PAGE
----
Sustainable Development in International Law: Nature and Operation of an Evolutive Legal Norm

Barral, Virginie. 2012. Sustainable Development in International Law: Nature and Operation of an Evolutive Legal Norm. European Journal of International Law, 23(2), pp. 377-400. ISSN 0938-5428 [Article]

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Abstract or Description

The wide dissemination of sustainable development in international law has generated considerable academic interest. However, because of the evasive and flexible content of what has been termed by the ICJ a concept in the Gabcíkovo-Nagymaros case, and more recently an objective in the Pulp Mills case, academic commentary has often struggled to ascertain sustainable development’s legal nature, which has proved a notion defying legal classification. One attractive thesis has been Lowe’s analysis of sustainable development as an interstitial or modifying norm which exerts its normative influence as an interpretative tool in the hands of judges. Its interpretative function is certainly very significant. Judicial bodies have used it to legitimize recourse to evolutive treaty interpretation, as a rule of conflict resolution, and even to redefine conventional obligations. However, beyond this convenient hermeneutical function, by laying down an objective to strive for in hundreds of treaties, sustainable development primarily purports to regulate state conduct. As an objective, it lays down not an absolute but a relative obligation to achieve sustainable development. Such obligations are known as obligations of means or of best efforts. Legal subjects are thus ultimately under an obligation to promote sustainable development.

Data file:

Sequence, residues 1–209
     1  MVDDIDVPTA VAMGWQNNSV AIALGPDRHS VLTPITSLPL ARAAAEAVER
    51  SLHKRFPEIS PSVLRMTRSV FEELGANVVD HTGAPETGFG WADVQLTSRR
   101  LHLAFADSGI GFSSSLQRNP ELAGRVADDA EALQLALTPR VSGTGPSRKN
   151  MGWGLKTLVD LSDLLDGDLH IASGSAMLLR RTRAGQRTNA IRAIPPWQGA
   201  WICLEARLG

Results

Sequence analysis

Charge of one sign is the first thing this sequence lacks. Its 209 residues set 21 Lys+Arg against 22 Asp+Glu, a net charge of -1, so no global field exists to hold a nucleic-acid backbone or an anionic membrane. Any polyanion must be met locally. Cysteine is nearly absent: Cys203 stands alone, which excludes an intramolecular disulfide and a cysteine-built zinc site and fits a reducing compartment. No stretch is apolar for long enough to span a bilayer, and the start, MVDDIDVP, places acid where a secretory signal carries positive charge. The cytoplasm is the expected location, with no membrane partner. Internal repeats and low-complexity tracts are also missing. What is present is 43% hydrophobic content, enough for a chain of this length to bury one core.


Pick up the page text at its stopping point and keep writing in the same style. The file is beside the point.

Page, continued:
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7 February 2012Accepted
28 June 2012Published Online
May 2012Published

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16 Aug 2019 12:50

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10 Jun 2021 06:34

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Yes, this version has been peer-reviewed.


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